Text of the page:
#WalkOutWednesday: Vote for Black Lives

Be both a protest leader and an elected leader! It's the path to progress.


We’ve marched, gone on strike and taken to the streets to demand Black lives be valued. The October 21st #WalkOutWednesday conversation centered on how voting can be another important tactic in the fight for racial justice.

In the conversation, which took place just 14 days before Election Day, the group discussed how working people can make change from the White House to the statehouse by "bringing the streets into the suites"—the interconnectedness of protest and policy, with policy as a form of protest.  

Conversation participant Missouri State Rep. Rasheen Aldridge, who authored his state's $15 minimum wage bill, was out protesting poverty wages in the St. Louis streets in 2013 when he was 19 and living paycheck-to-paycheck as a Jimmy John's worker.

The following year he helped organize the Ferguson protests using his Fight for $15 and a Union organizing skills. "We held many actions, and we connected with the Fight for $15 (campaign) because we knew the importance of Black lives but also of Black workers ...these same workers who are living in these communities with over-policing, these same workers that are living in these communities with high poverty. You can't talk about police reform without talking about the low wages that these individuals are making," he said.

Now at 26, Missouri State Rep. Rasheen Aldridge is both a protest leader and an elected leader. Both—not just one. "I'm part of a group here called Expect Us, which has been organizing around police reform… This last session we led a protest to the Capitol, to the most powerful chambers in the state of Missouri. We shut down the Senate. Then we came back the next week, we did banner drops and shut down the House. …[I did this] as a legislator," he said.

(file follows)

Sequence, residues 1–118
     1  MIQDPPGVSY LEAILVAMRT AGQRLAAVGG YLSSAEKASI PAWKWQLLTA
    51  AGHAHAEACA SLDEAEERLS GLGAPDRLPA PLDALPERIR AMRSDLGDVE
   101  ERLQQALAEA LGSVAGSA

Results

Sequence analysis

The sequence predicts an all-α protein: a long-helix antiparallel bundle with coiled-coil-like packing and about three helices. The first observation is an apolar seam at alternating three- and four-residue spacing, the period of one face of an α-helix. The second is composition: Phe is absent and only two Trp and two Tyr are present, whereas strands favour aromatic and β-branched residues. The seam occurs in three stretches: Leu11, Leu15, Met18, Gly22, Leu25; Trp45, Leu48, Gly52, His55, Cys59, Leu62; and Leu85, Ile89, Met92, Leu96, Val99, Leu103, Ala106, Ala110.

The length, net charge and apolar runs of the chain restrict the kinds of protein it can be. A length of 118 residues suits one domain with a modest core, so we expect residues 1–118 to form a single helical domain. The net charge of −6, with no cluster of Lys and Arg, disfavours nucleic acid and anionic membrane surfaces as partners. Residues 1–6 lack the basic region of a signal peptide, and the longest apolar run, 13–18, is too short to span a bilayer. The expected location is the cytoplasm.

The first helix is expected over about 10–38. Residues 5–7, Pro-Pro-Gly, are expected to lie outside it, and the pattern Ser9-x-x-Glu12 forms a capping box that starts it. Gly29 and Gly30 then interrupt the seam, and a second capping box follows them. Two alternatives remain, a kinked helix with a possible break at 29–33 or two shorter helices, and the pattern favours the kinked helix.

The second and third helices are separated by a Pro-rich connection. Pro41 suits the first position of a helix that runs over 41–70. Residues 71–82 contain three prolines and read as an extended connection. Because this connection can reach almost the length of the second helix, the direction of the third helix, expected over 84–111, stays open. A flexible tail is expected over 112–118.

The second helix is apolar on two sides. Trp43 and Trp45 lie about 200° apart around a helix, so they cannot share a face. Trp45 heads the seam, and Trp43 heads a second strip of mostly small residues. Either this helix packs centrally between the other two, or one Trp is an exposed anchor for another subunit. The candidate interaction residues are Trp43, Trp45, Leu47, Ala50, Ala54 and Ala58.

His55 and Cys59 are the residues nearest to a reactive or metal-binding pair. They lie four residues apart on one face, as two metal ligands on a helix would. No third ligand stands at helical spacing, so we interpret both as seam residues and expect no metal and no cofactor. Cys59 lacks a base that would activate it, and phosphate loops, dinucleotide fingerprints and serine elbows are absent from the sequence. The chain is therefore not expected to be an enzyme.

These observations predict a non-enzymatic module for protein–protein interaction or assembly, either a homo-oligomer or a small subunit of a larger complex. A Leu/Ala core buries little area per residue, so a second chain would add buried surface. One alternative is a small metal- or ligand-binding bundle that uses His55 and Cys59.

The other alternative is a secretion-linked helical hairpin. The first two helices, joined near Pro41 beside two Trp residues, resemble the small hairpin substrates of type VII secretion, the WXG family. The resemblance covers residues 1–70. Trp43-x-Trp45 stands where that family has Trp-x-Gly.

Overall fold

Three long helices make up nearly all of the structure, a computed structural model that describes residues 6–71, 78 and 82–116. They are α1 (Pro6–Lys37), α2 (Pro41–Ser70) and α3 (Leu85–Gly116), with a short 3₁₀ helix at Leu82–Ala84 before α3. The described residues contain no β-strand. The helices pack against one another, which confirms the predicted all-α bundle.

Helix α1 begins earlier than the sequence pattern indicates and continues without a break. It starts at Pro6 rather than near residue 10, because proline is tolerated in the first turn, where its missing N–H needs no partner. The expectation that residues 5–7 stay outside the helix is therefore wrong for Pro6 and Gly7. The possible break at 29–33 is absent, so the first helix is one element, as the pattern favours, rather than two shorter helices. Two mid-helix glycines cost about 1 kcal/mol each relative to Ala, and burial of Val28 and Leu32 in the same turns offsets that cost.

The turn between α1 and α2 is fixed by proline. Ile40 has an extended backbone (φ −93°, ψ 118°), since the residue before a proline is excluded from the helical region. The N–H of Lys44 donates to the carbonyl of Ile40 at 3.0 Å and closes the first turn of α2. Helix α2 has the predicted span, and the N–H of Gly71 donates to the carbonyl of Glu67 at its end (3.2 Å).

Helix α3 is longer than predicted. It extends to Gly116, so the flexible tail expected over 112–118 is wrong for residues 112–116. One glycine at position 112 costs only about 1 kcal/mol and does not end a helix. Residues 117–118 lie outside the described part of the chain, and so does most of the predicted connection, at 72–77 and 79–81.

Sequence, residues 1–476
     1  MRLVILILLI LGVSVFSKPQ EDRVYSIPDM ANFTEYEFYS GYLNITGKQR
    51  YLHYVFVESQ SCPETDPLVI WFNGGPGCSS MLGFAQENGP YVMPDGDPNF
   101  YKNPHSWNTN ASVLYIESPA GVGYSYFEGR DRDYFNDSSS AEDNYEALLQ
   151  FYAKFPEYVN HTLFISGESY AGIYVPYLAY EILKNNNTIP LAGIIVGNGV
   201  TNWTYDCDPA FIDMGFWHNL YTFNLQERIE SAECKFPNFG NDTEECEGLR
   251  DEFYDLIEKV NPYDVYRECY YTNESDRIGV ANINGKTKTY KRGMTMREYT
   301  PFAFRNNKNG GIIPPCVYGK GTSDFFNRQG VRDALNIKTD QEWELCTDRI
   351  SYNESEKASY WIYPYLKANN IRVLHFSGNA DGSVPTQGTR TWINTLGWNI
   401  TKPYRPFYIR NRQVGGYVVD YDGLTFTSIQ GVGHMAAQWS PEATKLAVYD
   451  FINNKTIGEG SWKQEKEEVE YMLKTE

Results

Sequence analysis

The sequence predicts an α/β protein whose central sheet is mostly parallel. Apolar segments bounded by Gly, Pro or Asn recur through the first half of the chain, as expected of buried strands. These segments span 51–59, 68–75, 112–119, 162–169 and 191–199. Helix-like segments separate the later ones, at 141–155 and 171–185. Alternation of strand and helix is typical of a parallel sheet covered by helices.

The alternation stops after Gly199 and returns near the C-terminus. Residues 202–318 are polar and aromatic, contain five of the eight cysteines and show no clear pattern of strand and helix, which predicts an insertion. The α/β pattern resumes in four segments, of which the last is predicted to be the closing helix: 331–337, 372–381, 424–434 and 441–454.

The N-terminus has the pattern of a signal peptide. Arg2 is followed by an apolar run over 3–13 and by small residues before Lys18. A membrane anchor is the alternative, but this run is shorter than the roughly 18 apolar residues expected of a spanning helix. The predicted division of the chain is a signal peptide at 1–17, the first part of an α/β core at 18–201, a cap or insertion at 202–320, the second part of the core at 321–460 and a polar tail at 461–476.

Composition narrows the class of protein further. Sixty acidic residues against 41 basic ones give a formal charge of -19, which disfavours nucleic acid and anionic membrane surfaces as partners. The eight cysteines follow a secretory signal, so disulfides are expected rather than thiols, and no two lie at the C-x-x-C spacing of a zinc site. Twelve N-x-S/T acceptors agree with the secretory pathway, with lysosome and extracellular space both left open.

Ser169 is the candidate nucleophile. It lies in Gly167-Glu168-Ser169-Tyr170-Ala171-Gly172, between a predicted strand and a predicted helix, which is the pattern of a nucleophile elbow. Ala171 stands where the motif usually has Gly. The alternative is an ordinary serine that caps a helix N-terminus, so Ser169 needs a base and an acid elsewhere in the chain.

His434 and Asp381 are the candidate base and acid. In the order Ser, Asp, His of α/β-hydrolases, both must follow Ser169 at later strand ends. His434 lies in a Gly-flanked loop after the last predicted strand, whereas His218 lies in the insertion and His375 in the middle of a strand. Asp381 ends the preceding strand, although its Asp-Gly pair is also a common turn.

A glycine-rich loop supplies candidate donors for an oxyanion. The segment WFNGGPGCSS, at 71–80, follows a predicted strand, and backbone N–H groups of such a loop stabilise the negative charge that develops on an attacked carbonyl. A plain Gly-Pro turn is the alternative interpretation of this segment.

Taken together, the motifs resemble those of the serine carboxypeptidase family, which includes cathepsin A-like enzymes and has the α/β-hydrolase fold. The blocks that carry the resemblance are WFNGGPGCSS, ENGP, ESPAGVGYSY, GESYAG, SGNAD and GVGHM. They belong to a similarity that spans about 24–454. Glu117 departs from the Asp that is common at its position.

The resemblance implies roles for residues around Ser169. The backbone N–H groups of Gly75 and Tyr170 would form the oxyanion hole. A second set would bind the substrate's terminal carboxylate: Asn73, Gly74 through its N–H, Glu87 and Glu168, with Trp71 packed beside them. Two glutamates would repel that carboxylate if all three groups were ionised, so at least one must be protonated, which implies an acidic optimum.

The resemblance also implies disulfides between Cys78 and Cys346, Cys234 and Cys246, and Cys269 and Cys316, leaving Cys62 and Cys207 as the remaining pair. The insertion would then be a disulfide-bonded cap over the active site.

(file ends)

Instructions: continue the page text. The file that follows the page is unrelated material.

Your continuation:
Indeed, we can elect new leaders who will create change to protect all working people from the greed of a concentrated few—by rewriting the laws to ensure the work primarily done by Black and brown people is respected and to ensure that the people who do the work have union rights.

Fellow conversation participant Rev. William J. Barber II, co-founder of the #PoorPeoplesCampaign, noted to Rep. Aldridge, "Even your presence is a form of protest. ...The fact that you're 26, came by the streets, sitting in the legislature, and you've kept your ideals and you're pushing the bills, that is in fact protesting the system that says the people might be doing something in the streets but we don't have to pay attention, we're just going to keep going the way we're going."  

Hodan Barreh with the Future Coalition agreed: "Protest will always have to do with politics. For example, Martin Luther King was heavily involved in politics while he was out protesting in the streets, and he was able to make immense change. They're definitely interconnected, and I don't see how they couldn't be."

Watch more, with Nursing Home Worker Vernette Mahone of SEIU Healthcare Michigan and SEIU President Mary Kay Henry, as the group discussed the ways workers are oppressed: systemic racism, the scapegoating of immigrants, and voter suppression.



Featured Posts

SEIU Nursing Home Workers Speak Out for Protections from COVID-19

Caregivers working at ground zero of the pandemic fight to protect workers and residents

#WalkOutWednesday: 2020 Democratic National Convention

With special guest Rep. Maxine Waters, workers discuss #DNC2020 and our continued fight for racial and economic justice.

"I Was Happy to Have the Kids Home from School. But Now I Worry About Feeding Them."

Frontline janitor Marcos Aranda testified before Congress about he and his spouse now trying to care for their six kids, plus extended family, on his paycheck alone.